Negative birth outcomes linked to air pollution exposure early in pregnancy, study finds

July 27, 2017
Credit: CC0 Public Domain

Exposure to air pollution early in a pregnancy could increase risk for preterm birth and low birth weight, according to a study led by researchers at NYU School of Medicine, and published on July 27 in Environmental Health Perspectives.

The study, conducted in mice, found that to air during the equivalent of the first or second trimester in humans was linked to more negative outcomes than exposure later in .

Researchers studied the effects of fine particulate air pollution, which is made up of particles less than one ten-thousandth of an inch in diameter, or PM2.5. Inhalable and almost invisible to the eye, this type pollution comes from car exhaust, , and other industrial processes. PM2.5exposure has previously been linked to risk for asthma and heart disease.

According to the US Centers for Disease Control and Prevention, preterm birth and low birth increase risk for vision and hearing problems, learning problems and even death.

Using PM2.5 levels comparable to those found in highly-polluted urban environments, researchers examined obstetric outcomes based on exposures during different stages of pregnancy in mice. The findings, according to the study's authors, could have both implications for physicians as they advise women during pregnancy, as well as for air pollution policy.

"This first study of this problem in mice adds to the growing body of evidence that inhalation of particulate matter from implantation through the second trimester of pregnancy is potentially dangerous," says lead author and investigator Jason Blum, PhD, MS, assistant professor in the Department of Environmental Medicine at NYU School of Medicine.

Implications for Clinical Care and Policy

Past studies had linked high levels particulate matter exposure to low birth weight, but impact of the timing of maternal exposure on birth weight had been debated. The new findings suggest that exposure during the first two trimesters has the greatest affect, say the study authors.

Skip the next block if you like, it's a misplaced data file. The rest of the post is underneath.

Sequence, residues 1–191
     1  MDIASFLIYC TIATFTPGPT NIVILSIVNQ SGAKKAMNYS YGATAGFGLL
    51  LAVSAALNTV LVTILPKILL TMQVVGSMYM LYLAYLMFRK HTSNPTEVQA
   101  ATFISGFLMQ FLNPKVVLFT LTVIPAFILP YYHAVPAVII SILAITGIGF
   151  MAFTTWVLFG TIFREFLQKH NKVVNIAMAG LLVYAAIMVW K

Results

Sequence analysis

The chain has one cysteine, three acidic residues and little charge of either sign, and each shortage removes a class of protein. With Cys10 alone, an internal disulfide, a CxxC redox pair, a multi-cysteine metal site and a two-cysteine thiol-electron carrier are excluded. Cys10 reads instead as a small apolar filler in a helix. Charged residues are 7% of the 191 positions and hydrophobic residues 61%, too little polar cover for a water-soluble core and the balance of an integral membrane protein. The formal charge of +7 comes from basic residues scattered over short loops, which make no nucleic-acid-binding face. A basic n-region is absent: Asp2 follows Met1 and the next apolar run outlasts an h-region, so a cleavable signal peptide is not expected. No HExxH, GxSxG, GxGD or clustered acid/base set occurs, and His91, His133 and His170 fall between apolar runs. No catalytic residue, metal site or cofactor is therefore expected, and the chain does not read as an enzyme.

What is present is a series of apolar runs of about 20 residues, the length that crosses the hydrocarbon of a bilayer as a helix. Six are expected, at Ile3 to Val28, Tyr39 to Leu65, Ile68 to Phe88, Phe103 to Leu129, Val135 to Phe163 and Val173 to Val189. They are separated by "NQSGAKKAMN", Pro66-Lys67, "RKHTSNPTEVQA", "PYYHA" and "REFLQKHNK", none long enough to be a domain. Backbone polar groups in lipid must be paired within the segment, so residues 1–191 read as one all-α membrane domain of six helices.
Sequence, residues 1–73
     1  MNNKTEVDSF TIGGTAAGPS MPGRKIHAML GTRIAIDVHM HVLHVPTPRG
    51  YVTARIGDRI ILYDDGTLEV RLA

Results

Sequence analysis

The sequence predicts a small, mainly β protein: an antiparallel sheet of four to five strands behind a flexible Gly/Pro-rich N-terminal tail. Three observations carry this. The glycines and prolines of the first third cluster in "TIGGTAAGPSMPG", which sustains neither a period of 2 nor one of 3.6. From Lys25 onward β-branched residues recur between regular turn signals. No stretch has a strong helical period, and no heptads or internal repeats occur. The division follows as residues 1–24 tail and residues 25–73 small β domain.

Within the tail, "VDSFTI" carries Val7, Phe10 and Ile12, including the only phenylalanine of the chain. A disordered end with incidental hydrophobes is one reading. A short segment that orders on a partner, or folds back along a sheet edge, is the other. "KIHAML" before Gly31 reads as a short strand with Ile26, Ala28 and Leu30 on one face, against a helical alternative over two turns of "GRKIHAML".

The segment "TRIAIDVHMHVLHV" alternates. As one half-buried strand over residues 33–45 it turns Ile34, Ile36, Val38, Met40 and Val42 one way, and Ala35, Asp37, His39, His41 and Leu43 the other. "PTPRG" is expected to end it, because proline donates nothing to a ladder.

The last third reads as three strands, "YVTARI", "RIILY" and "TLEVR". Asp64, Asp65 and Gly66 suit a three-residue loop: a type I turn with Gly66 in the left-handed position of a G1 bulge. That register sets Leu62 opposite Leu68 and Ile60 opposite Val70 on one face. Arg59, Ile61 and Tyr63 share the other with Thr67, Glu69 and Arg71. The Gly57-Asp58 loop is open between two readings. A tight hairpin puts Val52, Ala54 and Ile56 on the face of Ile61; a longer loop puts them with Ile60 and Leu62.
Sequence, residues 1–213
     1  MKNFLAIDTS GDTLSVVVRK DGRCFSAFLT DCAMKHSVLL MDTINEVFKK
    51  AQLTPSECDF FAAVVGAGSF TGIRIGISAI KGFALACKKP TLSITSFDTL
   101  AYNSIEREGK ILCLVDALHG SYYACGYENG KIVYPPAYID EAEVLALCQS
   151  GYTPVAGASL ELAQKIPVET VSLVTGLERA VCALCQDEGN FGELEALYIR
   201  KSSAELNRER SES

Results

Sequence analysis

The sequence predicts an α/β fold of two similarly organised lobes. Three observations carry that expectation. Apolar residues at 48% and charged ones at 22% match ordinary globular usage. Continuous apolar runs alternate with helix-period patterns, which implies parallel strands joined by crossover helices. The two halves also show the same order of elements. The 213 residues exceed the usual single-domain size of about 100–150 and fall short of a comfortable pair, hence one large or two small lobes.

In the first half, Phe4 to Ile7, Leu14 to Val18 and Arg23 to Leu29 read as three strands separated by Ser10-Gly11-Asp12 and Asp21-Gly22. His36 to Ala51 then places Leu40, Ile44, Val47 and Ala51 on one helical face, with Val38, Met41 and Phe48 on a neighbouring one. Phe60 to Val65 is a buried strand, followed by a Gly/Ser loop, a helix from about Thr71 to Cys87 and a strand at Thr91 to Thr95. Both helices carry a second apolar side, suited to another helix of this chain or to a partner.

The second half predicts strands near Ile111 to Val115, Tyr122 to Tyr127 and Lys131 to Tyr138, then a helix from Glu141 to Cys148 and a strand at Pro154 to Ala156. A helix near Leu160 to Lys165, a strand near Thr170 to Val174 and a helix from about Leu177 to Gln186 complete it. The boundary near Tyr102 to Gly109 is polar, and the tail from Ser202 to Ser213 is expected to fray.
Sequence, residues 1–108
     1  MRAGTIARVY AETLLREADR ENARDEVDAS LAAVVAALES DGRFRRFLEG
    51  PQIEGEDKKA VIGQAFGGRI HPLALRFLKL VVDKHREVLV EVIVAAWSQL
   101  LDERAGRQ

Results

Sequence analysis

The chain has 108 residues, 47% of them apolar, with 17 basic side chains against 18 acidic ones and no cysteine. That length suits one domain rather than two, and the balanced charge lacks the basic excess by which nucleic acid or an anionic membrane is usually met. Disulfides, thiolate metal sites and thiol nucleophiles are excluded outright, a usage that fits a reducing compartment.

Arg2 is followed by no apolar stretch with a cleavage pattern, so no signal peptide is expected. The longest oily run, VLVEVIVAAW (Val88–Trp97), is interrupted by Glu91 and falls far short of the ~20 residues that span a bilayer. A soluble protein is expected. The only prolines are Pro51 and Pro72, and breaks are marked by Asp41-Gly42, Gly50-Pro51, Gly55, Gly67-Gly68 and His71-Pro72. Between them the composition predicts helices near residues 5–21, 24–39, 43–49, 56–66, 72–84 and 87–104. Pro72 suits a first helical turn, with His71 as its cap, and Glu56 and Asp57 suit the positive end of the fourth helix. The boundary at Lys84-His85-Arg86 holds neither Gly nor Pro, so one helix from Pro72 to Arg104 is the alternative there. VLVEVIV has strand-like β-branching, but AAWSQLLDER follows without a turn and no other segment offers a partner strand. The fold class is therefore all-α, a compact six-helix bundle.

In the study, pregnant mice were randomly assigned to one of two groups— one exposed to filtered air and a second to concentrated PM2.5. The mice exposed to particles were also randomly assigned for exposure during one of four gestational periods designed to mirror the stages of human pregnancy: period 1(0.5-5.5 days); period 2(6.5-14.5 days); period 3(14.5-16.5 days); or period 4(0.5-16.5 days).

Researchers measured both the duration of pregnancy and birth weight of the offspring to identify the effects of concentrated PM2.5 over the time periods. Their results show that exposure to during period one resulted in preterm birth for about 83 percent of exposed mouse litters. Similarly, exposure to PM2.5 from conception to the end of the second trimester—periods one, two and three—resulted in an 11.4 percent decrease in birth weight for 50 percent of the litters.

Exposure during the first and second trimester also came with decreased body length, decreased placental weight, and decreased anogenital distance, which can reflect abnormal hormone levels, says Blum.

"These findings could lead physicians to advise women to avoid high pollution areas or use air filtration systems during the early stages of pregnancy," says senior study author Judith Zelikoff, PhD, a professor in the Department of Environmental Medicine at NYU School of Medicine. "With and having such serious health consequences, the need for further research in this area is greater than ever."

Explore further: Extreme temperatures may increase risk for low birth weight at term, study suggests

Related Stories

Extreme temperatures may increase risk for low birth weight at term, study suggests

February 28, 2017